Sky’s the limit as Liss Ard throws open its doors

The beautiful Skibbereen estate has revamped its hospitality business and is also free for walkers, writes Tommy Barker

THE gates at Liss Ard have swung open, shut and open again, down very many years — and they are about as wide open right now as they’ve ever been.

The wonderful West Cork estate, home not just to one pristine period property but to two manor homes, of very different styles and eras, is open to callers and paying guests, while its 185 acres of land, woodland, waterfalls and lakes are now free to all and sundry to wander around and to wonder at.

Fresh life is being breathed into the estate.

Near Skibbereen, the Liss Ard estate has had about as chequered a career as any Irish demesne, growing and shrinking in acreage before consolidating again as owners changed, yet fairly much managing to hold onto its modest grandeurs through many changes of Irish and international ownership. If its chic, minimalist walls could talk, they’d be accented and multi-tongued.

Originally a stronghold of the O’Donovans, the Georgian home in 1850 was their last grand family fling, with a Victorian dower house built in a sublime setting in 1870.

Down the years, it has had Irish owners, English and American owners, and was even bought as a secret bolt-hole for a Swiss government in exile, should nuclear war ever break out on the Continent. They believed that prevailing south-westerlies made it a safe bet from toxic clouds.

Liss Ard alternated from private house to country house hotel, and major renovation began in the late 1980s when European art dealer Veith Turske took an interest.

A foundation (now defunct) was set up to safeguard the house and grounds, and during its time the wholly novel Irish Sky Garden was set up, created by internationally acclaimed artist and creator of ‘skyspaces’, James Turrell (see details below).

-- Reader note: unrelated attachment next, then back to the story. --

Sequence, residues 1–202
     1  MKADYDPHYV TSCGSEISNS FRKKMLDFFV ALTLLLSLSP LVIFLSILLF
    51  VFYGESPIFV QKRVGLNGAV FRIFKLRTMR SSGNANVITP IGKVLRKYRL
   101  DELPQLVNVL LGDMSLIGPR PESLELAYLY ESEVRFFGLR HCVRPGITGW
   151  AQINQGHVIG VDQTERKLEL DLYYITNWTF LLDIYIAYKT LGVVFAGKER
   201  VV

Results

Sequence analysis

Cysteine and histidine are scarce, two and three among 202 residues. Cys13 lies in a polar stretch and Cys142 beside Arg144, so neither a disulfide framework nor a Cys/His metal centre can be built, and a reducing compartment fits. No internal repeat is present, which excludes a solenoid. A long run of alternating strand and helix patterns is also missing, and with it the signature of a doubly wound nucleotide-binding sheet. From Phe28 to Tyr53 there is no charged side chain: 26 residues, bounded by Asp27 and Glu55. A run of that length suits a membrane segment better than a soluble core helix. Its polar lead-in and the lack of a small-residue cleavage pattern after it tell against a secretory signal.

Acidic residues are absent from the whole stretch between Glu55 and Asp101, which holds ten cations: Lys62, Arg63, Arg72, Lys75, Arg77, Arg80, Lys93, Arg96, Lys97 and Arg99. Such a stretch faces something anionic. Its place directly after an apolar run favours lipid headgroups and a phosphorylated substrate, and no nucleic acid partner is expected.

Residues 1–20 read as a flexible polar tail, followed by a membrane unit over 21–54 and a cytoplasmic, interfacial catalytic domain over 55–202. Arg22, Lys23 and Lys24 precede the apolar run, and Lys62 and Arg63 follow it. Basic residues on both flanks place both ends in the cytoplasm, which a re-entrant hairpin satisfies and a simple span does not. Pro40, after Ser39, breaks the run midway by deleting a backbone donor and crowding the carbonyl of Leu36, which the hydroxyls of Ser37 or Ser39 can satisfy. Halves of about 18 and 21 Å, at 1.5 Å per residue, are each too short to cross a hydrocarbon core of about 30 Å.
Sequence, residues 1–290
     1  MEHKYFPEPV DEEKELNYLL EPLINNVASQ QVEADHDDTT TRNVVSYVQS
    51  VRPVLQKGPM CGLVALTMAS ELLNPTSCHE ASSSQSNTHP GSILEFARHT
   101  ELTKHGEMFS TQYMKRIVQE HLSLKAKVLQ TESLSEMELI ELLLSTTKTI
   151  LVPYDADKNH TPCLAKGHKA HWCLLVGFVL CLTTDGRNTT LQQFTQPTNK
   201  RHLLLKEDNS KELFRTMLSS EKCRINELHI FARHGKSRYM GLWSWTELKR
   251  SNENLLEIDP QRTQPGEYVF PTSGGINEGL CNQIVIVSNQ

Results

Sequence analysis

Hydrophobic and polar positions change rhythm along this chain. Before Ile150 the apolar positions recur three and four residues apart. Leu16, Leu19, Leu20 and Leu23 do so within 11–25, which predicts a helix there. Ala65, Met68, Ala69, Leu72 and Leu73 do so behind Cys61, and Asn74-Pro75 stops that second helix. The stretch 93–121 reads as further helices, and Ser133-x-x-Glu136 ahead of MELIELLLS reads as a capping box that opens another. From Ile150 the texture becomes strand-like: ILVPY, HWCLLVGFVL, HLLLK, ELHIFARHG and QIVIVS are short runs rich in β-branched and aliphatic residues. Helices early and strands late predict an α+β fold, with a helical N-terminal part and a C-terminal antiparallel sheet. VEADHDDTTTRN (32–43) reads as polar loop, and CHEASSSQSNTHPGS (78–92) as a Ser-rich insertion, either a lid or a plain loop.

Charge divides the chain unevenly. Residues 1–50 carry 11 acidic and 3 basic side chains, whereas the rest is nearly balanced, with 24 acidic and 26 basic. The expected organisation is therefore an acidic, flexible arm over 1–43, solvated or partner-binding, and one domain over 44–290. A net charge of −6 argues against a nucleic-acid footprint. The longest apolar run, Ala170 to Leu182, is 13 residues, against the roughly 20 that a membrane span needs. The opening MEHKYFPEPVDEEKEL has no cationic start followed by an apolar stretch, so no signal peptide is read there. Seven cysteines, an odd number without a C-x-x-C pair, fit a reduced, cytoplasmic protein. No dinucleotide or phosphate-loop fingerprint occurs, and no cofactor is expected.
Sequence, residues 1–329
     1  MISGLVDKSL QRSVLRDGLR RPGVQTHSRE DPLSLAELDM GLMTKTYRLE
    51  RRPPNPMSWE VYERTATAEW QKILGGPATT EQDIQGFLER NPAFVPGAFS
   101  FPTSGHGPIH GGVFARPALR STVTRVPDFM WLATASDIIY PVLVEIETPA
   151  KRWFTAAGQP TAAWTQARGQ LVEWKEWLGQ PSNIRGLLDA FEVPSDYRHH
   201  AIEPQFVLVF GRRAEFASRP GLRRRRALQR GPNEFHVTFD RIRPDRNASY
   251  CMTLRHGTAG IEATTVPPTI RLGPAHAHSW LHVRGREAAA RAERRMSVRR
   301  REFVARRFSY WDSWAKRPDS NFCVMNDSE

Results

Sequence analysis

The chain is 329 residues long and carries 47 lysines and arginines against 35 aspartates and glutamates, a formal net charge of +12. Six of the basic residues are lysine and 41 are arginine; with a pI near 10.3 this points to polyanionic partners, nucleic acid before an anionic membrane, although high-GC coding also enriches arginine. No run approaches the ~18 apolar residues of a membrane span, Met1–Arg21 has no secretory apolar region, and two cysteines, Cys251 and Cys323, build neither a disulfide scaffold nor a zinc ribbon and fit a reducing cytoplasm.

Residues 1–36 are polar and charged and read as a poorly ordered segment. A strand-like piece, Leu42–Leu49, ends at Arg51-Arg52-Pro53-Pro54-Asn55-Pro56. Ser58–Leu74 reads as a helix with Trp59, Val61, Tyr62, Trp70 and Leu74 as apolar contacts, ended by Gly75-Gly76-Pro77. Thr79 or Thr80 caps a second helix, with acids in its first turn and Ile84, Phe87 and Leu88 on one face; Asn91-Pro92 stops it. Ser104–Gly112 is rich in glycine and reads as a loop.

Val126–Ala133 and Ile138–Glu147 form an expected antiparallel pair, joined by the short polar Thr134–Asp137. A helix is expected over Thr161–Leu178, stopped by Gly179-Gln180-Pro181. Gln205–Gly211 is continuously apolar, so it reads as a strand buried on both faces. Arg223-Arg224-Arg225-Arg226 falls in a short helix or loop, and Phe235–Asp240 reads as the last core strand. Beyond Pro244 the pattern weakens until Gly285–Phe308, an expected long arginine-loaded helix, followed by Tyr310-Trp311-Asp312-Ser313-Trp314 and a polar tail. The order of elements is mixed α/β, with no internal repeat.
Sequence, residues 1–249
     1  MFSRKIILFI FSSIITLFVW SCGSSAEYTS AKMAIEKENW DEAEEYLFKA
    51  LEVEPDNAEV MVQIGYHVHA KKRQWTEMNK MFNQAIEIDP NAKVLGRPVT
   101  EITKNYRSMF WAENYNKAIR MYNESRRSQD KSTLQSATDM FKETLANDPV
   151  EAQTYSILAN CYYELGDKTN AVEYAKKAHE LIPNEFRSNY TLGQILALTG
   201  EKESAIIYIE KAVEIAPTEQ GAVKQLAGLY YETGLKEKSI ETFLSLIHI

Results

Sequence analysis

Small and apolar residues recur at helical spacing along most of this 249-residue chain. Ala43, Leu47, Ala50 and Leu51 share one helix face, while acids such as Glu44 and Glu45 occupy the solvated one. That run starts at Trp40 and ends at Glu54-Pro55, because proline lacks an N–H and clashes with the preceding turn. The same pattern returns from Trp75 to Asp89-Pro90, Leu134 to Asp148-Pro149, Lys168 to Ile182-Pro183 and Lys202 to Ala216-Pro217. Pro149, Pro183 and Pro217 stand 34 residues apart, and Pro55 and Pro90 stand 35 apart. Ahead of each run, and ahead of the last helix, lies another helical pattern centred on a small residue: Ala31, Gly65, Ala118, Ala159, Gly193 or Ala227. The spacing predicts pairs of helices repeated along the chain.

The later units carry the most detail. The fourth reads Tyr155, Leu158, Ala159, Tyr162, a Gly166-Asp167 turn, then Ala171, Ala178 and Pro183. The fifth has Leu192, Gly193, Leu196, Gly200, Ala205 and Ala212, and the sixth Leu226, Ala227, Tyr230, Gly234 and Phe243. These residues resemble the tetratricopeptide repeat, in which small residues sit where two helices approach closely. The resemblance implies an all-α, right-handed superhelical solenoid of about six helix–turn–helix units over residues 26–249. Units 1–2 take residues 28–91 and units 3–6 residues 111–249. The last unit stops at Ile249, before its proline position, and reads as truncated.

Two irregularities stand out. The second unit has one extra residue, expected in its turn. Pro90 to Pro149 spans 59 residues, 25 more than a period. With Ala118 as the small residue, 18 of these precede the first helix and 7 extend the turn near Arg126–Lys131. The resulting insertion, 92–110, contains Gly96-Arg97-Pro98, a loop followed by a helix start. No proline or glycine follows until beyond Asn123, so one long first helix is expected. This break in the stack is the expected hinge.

In latter years, Liss Ard has become a the venue for niche music and rock concerts, and a food and art festival: that’s when most people locally in Cork and beyond have been able to savour sections of its grounds.

Guests, and visiting musicians down the years have included Oasis, Nick Cave, Lou Reed, Van Morrison and Patti Smith, and the main 1850 late-Georgian manor house has a baby grand piano in its entrance hall for those who’d fancy themselves in such exalted company.

Freedom to roam the vast bulk of Liss Ard’s lands and grounds is a new departure, and one already welcomed these spring weeks by neighbours, tourists, dog-walkers and families looking for a safe and intriguing day out in glorious surroundings.

While once there was an air of utter exclusivity and an impression that casual callers weren’t exactly encouraged, that’s now been banished: there’s a definite feel of the place ramping up to make a fresh and fresh air start.

First up, or course, there’s a guest business here, with rooms at the two main houses, one Georgian, the other a Victorian lodge, open to paying guests, as is the converted garden mews’s stable block, with 10 more bedrooms.

Taken as a whole, Liss Ard can hold about 60 guests in utter laid-back style and comfort, as singles, couples, groups of friends, and can be block-booked for special occasions and small weddings.

Digging in for the longer term is a new masters programme in organic horticulture, with 16 participants on the first stage of this innovative programme — the first of its kind in Europe.

The programme is organised in conjunction with UCC, with further involvement from Carbery Enterprise Group. Local resident David Puttnam says it’s a great coup for the region and “one of the more important elements in the evolution of West Cork in general, and Skibbereen in particular”.

That inaugural 12-month horticultural course is now half way through, and Liss Ard is also keen to position itself now as championing the best of local food produce in its menus and promotions, and — belatedly, perhaps — is about to start its own walled garden horticultural enterprises in earnest, says Liss Ard’s newly-appointed operations manager Melanie Uhkoetter.